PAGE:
Making changes to the config:

Thing SVN.  Very similar ideas. 
  • Unlike Cisco, changes don't happen when you enter them, instead they get stored in a "file" (called a change candidate) and get implemented when you enter the "commit" command
  • You can undo the changes you just submitted with the "rollback 1" command, which is asking to undo 1 change
  • You can clear out your change candidate with the "rollback 0" command.
  • You can see the delta between the running command and the candidate with the "show | compare rollback 0" command

In this example, were gong to
  1. add a description to the interface ge-0/0/1,
  2. see the diff between the candidate file and the active,
  3. then submit the change. 
  4. then go up one section in the active config and view to see the new description
  5. then go up to the top of the config, and rollback the changes made
  6. finally show the interfaces section of the config to see that the undo worked.

lab@srxA-2# edit interfaces ge-0/0/1

[edit interfaces ge-0/0/1]
lab@srxA-2# set description "this is the gig 0/0/1 interface"


[edit interfaces ge-0/0/1]
lab@srxA-2# show | compare
[edit interfaces ge-0/0/1]
+ description "this is the gig 0/0/1 interface";

[edit interfaces ge-0/0/1]
lab@srxA-2# up

[edit interfaces]
lab@srxA-2# show
ge-0/0/0 {
    description "MGMT Interface - DO NOT DELETE";
    unit 0 {
        family inet {
            address 10.210.11.132/24;
        }
    }
}
ge-0/0/1 {
    description "this is the gig 0/0/1 interface";
    unit 0 {
        family inet {
            address 172.20.77.2/30;
        }
    }
}
ge-0/0/2 {
    unit 0 {
        family inet {
            address 172.20.66.2/30;
        }
[...]
[edit interfaces]
lab@srxA-2# top

[edit]
lab@srxA-2# rollback 1
load complete

[edit]
lab@srxA-2# show interfaces
ge-0/0/0 {
    description "MGMT Interface - DO NOT DELETE";
    unit 0 {
        family inet {
            address 10.210.11.132/24;
        }
    }
}
ge-0/0/1 {
    unit 0 {
        family inet {
            address 172.20.77.2/30;
        }
    }
}
ge-0/0/2 {
    unit 0 {
        family inet {
[...]


Issues with the Active Config File:

By default, there is only one active config file, and if you have 2 netengs making changes, they all go to the same file.  This can be a problem, as when you are done with your changes, you can commit the changes, getting all your changes in, but also pushing maybe half of your coworkers, and breaking stuff. 

Solution:
  1. "configure exclusive": You lock the config file from being edited by anyone but you.  (Note: if you log out before submitting the changes, they will be lost.)
  2. "configure private": the changes you make are the only changes you submit.  The only thing to watch out for is that there could be merging problems, where both you and your fellow neteng make different changes to the same thing, and the second guy to submit gets errors. 

C+ Formatting vs CLI

You can write the configs changes you want to implement into a file, and upload them.  These changes can be formatted two different ways, either with the C+ formatting (with all the curly brackets) or using the set or delete commands.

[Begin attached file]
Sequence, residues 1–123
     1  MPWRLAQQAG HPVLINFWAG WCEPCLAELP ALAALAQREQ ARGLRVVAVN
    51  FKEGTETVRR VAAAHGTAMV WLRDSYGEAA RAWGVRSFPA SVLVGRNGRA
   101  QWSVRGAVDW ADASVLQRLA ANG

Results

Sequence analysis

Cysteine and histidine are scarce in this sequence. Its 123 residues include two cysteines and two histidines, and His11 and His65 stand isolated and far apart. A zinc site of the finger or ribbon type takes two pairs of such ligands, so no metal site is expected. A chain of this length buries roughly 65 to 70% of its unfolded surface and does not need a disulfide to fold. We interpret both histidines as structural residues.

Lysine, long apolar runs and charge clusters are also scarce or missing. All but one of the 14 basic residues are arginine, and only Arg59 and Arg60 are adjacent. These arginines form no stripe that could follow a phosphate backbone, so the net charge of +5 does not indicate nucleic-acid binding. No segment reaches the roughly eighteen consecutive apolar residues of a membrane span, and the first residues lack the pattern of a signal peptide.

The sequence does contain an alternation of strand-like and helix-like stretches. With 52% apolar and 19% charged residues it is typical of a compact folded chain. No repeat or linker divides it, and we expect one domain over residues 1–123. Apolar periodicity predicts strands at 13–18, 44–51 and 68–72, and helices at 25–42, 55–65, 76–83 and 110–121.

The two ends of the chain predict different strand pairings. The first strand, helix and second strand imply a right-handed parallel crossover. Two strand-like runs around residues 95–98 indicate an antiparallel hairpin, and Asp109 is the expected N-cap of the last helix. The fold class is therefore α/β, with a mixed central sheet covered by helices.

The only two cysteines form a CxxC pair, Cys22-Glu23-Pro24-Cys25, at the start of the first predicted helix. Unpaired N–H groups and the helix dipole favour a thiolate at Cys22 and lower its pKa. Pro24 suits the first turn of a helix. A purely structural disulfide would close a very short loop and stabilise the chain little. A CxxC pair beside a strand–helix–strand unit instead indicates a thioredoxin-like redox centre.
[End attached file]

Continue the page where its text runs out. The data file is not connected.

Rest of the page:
An example of the set commands would be:
lab@srxA-2# set interfaces lo0 unit 0 family inet filter input protect-host
lab@srxA-2# set interfaces lo0 unit 0 family inet address 192.168.2.1/32


The exact same thing with the C+ formatting would be:
lo0 {
    unit 0 {
        family inet {
            filter {
                input protect-host;
            }
            address 192.168.2.1/32;
        }
    }
}

You'd then use the load command to import the change, or you can paste them on the cli with the "load merge terminal" command
lab@srxA-2# load merge terminal
[Type ^D at a new line to end input]
interfaces {
  ge-0/0/12 {
      unit 0 {
          family inet {
              address 198.18.11.1/24;
         }
     }
  }
}

load complete

[edit]
lab@srxA-2# show | compare
[edit interfaces]
+   ge-0/0/12 {
+       unit 0 {
+           family inet {
+               address 198.18.11.1/24;
+           }
+       }
+   }

[edit]
lab@srxA-2#



Quick Fixes:

Need to fix a line in your active config file?  Here are some ideas:
Rename:
lab@srxA-2# set interfaces ge-0/0/10 unit 0 family inet address 198.18.11.1/24

[edit]
lab@srxA-2# show interfaces ge-0/0/10
unit 0 {
    family inet {
        address 198.18.11.1/24;
    }
}

[edit]
lab@srxA-2# rename interfaces ge-0/0/10 to ge-0/0/11

[edit]
lab@srxA-2# show interfaces ge-0/0/10

[edit]
lab@srxA-2# show interfaces ge-0/0/11
unit 0 {
    family inet {
        address 198.18.11.1/24;
    }
}

[edit]
lab@srxA-2#


Copy:
lab@srxA-2# copy interfaces ge-0/0/10 to ge-0/0/11

[edit]
lab@srxA-2# show interfaces ge-0/0/10
unit 0 {
    family inet {
        address 198.18.11.1/24;
    }
}

[edit]
lab@srxA-2# show interfaces ge-0/0/11
unit 0 {
    family inet {
        address 198.18.11.1/24;
    }
}

[edit]
lab@srxA-2#




Making sure change has good syntax, and deploying cautiously:

Use the "commit check" to make sure that the basic context is correct in the active config file.  Then commit using the "confirmed command" to automatically roll back the change if you get disconnected, and then when you feel safe, commit the change permanently with another "commit" command.



l
ab@srxA-2# commit check
configuration check succeeds

[edit]
lab@srxA-2#

[edit]
lab@srxA-2# commit confirmed

commit confirmed will be automatically rolled back in 10 minutes unless confirmed
commit complete

# commit confirmed will be rolled back in 10 minutes
[edit]

lab@srxA-2# commit and-quit
commit complete
Exiting configuration mode

lab@srxA-2>